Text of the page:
[Sca-cooks] Sca-cooks Digest, Vol 52, Issue 45

Euriol of Lothian euriol at yahoo.com
Mon Aug 23 14:30:05 PDT 2010

I don't have any of my notes handy here at work, and I won't be able to access 
them until I get home on Friday. So what I say below is based on what I remember 
of my decisions.

The dishes for the main course was served altogether. When I was looking at a 
couple of menus from that time period the meat was paired with a side dish. So I 
chose side dishes that I thought went well together as well as with the meats 
(mix & match if you will). Some of the diners had food restrictions that had to 
be handled... one of which I had made a separate herb omelet as a replacement 
for the meats that were served.

As to the fruit... Melons are cold & wet by the humoral theory. I thought this 
would be very appropriate to the conditions expected at Pennsic (which were, 
since the heat index was 100F-110F most days I was there). The berries also 
played a role for providing someone with fruit that could not have melon. I 
believe that Strawberries are considered cold & dry.

The Barons & Baronesses that I served have no particular passion for period 
cookery. My goal was to provide them with food that was inspired by the recipes 
yet would still be comfortable to people who are not familiar with period 
cookery. Considering the feedback I received and the little leftovers on the 
serving platters, I believe I succeeded in this goal. I also selected recipes 
that were suitable for the kitchen I had to work with as well as something that 
would be not be too heavy for the heat we were dealing with... it was this 
consideration I went in particular to a Mediterranean region to look for recipes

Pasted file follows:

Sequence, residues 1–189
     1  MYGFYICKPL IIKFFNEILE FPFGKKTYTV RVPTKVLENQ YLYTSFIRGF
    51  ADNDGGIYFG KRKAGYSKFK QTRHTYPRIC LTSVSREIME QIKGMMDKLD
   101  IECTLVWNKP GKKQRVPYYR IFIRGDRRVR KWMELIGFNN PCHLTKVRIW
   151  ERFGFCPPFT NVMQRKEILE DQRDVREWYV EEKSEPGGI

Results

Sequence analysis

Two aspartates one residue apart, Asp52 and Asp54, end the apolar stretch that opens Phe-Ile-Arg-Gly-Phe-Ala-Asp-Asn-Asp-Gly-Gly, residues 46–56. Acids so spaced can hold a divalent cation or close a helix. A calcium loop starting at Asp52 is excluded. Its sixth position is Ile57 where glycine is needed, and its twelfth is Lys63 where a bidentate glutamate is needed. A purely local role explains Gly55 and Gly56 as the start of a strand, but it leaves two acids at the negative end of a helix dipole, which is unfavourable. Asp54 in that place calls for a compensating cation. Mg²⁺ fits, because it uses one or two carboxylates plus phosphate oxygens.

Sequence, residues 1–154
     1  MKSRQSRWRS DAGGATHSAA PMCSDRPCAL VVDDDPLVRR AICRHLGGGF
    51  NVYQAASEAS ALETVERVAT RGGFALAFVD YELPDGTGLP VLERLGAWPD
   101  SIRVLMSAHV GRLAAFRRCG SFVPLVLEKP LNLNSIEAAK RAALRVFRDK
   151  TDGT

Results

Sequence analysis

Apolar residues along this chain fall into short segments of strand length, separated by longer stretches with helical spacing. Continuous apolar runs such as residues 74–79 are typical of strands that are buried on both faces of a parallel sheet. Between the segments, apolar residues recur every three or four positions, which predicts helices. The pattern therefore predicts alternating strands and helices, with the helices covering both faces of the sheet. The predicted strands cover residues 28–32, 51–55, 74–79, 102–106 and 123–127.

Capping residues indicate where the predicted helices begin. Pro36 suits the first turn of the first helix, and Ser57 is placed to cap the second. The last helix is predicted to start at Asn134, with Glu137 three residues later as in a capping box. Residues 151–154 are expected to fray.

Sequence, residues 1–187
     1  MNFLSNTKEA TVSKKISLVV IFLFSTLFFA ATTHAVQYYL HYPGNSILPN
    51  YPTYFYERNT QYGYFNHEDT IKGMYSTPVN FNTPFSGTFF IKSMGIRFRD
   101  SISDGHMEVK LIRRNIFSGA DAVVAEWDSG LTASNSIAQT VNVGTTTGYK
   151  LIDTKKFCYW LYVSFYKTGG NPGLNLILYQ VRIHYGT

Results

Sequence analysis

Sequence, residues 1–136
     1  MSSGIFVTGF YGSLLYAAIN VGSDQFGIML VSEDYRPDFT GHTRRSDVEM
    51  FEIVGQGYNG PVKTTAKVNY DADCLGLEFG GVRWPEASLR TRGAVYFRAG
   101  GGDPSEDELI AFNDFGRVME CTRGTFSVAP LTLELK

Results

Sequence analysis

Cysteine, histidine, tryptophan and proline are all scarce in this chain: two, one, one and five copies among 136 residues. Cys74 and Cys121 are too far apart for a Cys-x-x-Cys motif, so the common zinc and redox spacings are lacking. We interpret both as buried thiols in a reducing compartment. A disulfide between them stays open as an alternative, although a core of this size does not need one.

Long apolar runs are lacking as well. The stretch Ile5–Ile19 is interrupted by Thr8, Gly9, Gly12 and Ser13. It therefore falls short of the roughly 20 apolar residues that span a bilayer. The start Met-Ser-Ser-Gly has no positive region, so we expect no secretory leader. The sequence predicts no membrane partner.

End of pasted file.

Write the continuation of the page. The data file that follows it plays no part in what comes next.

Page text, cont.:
for the feast I cooked last year. Another consideration was keeping the recipes 
rather simple. The most complicated recipe I chose was the pastries of fine 

When you speak of the "Spanish tradition" how far back does that tradition go? 
Many traditions that I grew up sprouted from Colonial or Victorian times. Many 
food traditions that I am aware of, also sprouted from the classical cooking 
techniques that were post period.

As to the onion pottage, it was handled with just enough liquid to ensure the 
onions were cooked through and infuse the flavor... it was not my intent to make 
a soup with it. It came out looking much more like sauteed onions with a glaze, 
just not caramelized since I wanted to highlight the color of the red onions I 


----- Original Message ----
From: Suey <lordhunt at gmail.com>
To: sca-cooks at lists.ansteorra.org
Sent: Mon, August 23, 2010 4:25:23 PM
Subject: Re: [Sca-cooks] Sca-cooks Digest, Vol 52, Issue 45

Euriol of Lothian wrote:

The second is known as the Seven Pearls Dinner. I did a condensed version of a 
feast I did
the previous year . . . The recipes were inspired by late period
Spanish recipes. The menu was: . . .

Main Course (served seated)
Grilled Tuna with Orange Herb Sauce
Saffron Rice
Grilled Steak with Garlic Cheese spread
Onion Pottage

Dessert (served seated)
Angel's Food
Fresh Berries&  Melons

First of all in Spanish tradition the Onion Pottage should have been served 
first. I would have followed that in case I had any grilling delays. What was 
your thinking? Secondly, my understanding is that fruits were stewed. It has 
been tempting for me to serve them them fresh as it does simplify things but in 
Spain we have enough manzapanes and other desserts like that that can be made 
ahead of time so the question has never been brought up about serving fresh 
fruits. Is that permissible and if so to what degree?

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